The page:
Well, I made it through
Day One, and Day Two!
We’ll just have to see
about getting through Three!”
I teach math. I don’t want to teach it anymore. Instead, I Continue reading “Intentional Talk meets Inquiry Based Learning. Hello, Beautiful!”
“Conversations about learning take time” Evan Weinberg
Evan, I think you may have revealed the heart of why teachers Continue reading “Productive conversations don’t just happen; conversations do. Let’s turn the natural into “super” natural(-ly productive, that is!)”
So my colleague was commenting about another teacher complaining that the test was all procedure and no processing….
Let me back up a little. Formative assessment is constant, very informal, and is, at its heaviest, a quiz. Summative assessment, on the other hand, is very formal, comes at specific breaks in the unit and at the end, and is administered to all classes in the same curriculum. Once the curriculum summative is created, it is provided to each teacher. In the above instance, the teachers was complaining to the curriculum chair about the current test.
My colleague felt this teacher should have known the purpose for the summative: our summatives were just testing practice for the course final.
I admit I was caught off guard- I didn’t know this was the purpose of our summatives either!
The argument made to me was “we really shouldn’t need to “test” (summative with a capital S) children unless they were making up material or they were remediating…” Huh?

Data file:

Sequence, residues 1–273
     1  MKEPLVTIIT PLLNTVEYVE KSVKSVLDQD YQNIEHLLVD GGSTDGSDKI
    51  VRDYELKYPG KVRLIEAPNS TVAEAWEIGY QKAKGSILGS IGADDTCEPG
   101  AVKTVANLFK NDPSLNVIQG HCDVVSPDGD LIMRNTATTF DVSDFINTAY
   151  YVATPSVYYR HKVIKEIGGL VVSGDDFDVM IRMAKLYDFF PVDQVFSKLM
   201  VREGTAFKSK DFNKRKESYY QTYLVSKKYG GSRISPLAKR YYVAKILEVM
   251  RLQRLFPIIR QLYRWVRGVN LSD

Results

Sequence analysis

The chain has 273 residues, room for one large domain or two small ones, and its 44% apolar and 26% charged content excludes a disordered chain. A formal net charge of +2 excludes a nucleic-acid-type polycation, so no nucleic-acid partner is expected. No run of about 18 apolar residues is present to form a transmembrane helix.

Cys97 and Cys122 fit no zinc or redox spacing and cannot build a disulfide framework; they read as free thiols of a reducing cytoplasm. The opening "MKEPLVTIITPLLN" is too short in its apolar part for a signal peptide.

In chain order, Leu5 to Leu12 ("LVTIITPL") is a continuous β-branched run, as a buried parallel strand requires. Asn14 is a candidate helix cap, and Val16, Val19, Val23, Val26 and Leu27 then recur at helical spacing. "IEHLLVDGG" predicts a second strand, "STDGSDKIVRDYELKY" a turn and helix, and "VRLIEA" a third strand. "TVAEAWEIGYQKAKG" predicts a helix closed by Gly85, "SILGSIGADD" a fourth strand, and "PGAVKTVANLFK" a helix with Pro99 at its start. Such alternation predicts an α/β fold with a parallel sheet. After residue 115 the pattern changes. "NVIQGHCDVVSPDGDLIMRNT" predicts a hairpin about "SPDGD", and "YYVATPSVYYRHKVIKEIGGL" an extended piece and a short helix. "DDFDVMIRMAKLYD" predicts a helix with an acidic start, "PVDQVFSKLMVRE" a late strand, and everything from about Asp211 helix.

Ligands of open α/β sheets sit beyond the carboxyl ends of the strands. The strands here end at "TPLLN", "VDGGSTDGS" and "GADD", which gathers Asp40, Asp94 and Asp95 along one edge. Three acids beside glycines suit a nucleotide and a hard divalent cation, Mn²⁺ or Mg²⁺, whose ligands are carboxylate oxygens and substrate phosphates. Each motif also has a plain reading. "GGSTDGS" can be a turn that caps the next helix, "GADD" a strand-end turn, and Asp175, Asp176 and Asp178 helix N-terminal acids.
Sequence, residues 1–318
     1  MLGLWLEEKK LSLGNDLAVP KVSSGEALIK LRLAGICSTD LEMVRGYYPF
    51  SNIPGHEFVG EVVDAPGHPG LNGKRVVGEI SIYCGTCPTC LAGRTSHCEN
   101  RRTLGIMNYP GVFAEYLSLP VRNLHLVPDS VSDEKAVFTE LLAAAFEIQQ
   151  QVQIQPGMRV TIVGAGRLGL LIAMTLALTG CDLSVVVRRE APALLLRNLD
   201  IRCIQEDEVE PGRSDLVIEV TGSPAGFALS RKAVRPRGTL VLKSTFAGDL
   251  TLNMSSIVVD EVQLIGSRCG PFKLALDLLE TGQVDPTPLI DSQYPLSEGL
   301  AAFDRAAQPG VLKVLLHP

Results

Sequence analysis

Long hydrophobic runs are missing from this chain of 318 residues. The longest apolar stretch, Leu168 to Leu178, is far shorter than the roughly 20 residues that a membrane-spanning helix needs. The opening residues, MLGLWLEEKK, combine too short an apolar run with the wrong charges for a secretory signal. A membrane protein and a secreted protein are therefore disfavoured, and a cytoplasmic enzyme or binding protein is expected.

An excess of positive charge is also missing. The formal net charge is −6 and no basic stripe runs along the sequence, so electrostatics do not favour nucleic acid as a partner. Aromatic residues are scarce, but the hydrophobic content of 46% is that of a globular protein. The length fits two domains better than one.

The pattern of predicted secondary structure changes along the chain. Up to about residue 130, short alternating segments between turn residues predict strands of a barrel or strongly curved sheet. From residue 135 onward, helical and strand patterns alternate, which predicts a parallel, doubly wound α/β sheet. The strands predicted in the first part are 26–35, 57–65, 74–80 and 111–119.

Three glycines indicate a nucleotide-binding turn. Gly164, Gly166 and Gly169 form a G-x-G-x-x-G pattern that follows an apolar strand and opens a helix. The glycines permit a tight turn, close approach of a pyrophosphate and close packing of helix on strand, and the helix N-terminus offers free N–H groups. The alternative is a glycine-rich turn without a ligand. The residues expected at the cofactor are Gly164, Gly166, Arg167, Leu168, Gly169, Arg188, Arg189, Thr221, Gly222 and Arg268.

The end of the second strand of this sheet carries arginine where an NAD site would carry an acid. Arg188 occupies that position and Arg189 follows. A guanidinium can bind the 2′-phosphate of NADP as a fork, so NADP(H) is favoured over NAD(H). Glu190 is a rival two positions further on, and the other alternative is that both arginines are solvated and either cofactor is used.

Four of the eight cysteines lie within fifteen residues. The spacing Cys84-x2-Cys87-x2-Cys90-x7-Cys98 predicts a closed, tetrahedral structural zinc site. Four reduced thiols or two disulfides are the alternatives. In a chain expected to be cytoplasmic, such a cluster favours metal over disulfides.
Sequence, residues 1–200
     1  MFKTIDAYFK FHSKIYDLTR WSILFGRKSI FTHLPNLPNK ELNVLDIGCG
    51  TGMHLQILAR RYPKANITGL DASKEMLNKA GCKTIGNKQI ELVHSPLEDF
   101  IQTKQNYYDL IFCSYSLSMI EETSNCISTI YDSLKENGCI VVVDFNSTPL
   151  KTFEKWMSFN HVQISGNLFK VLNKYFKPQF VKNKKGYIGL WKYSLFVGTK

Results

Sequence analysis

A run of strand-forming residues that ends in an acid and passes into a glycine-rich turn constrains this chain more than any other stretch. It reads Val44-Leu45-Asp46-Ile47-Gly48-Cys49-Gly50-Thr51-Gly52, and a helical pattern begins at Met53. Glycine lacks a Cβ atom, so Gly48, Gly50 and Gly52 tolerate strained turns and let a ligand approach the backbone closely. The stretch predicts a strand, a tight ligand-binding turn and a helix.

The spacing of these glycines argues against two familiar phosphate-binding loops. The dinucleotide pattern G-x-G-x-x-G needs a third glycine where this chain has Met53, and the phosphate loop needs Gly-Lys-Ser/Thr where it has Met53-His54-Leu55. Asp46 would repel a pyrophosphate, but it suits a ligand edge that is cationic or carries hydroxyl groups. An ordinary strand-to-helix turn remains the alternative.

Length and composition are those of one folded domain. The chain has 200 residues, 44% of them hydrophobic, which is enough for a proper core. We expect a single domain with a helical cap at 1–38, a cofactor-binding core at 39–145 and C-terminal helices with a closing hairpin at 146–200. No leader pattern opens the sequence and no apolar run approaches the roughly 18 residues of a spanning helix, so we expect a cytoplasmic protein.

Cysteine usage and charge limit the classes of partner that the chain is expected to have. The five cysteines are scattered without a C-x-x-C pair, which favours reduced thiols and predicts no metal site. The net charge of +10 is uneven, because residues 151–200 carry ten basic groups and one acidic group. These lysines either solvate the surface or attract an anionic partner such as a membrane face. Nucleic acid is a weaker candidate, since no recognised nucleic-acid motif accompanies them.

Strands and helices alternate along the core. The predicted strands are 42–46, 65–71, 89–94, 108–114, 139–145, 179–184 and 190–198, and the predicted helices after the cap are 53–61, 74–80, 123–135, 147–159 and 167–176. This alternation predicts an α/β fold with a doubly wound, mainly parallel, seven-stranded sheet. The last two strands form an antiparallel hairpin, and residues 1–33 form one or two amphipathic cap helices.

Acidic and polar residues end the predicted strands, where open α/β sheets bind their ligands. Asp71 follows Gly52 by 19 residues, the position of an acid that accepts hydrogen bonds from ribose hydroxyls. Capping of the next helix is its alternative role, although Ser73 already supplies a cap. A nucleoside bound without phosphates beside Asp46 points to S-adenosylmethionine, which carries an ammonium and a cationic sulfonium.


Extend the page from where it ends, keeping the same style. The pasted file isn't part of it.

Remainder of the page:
It got me thinking about the true purpose of testing. If we are truly teaching for understanding, then testing is really superfluous, isn’t it? They will use the knowledge regularly, without the need to answer poorly constructed, artificial situations that are designed to test what they don’t know, with trick answers that are designed with the errors that are “usually” made by “most” students. There is something stinky about assessments with test banks so protected that they are secured better than banks!
So let’s talk about how we, as teachers, can make summative testing truly superfluous.
I found myself grading mounds of worksheets, and a couple of quizzes (remediations, really), and I began to wonder if I’d turned into one of those worksheet, algorithmic, obsessed teachers that focus on skill and drill over understanding. And I was beginning to despair, just a little.